Our final day, before we fly back in the morning.
Yesterday in the Internet cafe, we had checked for more information on the land train. Sadly, it only went to places we had already visited.
My girlfriend suggested we could take a boat to Formentera, this nearby island. Apparently it’s unspoilt beaches, hardly touched.
Yes, why not.
I thought no more about it until we boarded the boat this morning.
I’m not a natural sailor. Or swimmer.
In fact, it’s fair to say that I have a healthy fear of drowning.
Never mind eh?
We’d Googled Formentera, and it’s not far from Ibiza. 4km, from memory.
I mean I could probably walk 4km in half an hour, and surely the boat goes faster than me walking.
How long can it take?
Over an hour.
Nearly an hour and a quarter, of me, sat on the top deck of a catamaran, freezing, with my girlfriend trying to relax me.
FINALLY, we arrived at the island. Very nice it is too.
Not quite unspoilt really – there’s an Eroski (a chain here) supermarket, lots of cars, and cycle paths.
We rented two bikes for the day for the princely sum of €10. Dynamo lights (not that we’d be out in the dark) and a lock included. No deposit taken, and they gave us a free map.
We set off for some nice cycling, seeing lots of wildlife, down lots of country lanes. I saw lots of lizards (there are apparently rare blue lizards there, but the best I saw was green), various birds, rabbits, sheep. Then we happened upon a couple doing yoga, completely naked. That isn’t a euphemism. They were doing yoga. Stretching, etc., naked.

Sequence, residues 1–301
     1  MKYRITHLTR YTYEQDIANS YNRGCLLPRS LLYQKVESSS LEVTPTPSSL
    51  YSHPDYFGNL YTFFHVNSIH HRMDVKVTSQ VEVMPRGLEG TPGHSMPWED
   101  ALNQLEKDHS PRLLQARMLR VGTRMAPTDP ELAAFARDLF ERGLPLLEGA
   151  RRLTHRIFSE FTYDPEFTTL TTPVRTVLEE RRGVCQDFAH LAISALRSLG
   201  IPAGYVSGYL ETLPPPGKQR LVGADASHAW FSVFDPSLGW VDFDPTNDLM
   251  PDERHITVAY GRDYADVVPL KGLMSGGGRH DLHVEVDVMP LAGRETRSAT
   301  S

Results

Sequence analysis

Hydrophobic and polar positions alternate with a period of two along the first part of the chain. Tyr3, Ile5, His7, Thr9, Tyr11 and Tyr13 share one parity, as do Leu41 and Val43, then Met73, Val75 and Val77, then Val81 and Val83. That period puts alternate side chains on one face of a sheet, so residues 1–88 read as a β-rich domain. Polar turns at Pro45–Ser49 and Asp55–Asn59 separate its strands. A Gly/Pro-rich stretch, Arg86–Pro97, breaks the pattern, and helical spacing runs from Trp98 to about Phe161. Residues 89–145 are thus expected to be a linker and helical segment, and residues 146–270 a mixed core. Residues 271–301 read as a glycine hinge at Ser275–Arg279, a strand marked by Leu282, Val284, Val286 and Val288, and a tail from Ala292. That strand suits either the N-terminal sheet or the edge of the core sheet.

Well you don’t see that every day.
We got lost down some country lanes, checked our map and realised we were never going to get anywhere interesting in that direction with the time we had, then made for a nice beach near(ish) the marina.
Unspoilt, save for rubbish bins, and a wheelchair access board, which is completely inaccessible by wheelchair. See:
No shops, no bars, no other people.
Crystal clear water too.
Soon enough it was time to catch the boat back.
Now, if I didn’t enjoy the boat across, travelling to a magical unspoilt island, you can imagine how much I liked the same journey, backwards to our hotel, with more wind, and more waves.
For the longest hour of my life, I gripped the table with one hand, my girlfriend’s hand with the other, my feet stuck hard against the floor, my spine forced painfully into the back of my seat. I kept my eyes closed and focused on my breathing, and trying not to fight the rhythm of the waves.
Normal people, with better sea legs than me wandered about, up and down the stairs, to the bar, the toilet.
My girlfriend asked me on more than one occasion if I wanted the carrier bag to be sick in.
Somehow, I managed the hour and a quarter back. I wasn’t even sick.
Sadly, the mini-cold I’ve picked up while here has finally taken control of my voice and I can hardly speak. Hopefully a good night’s sleep will fix that.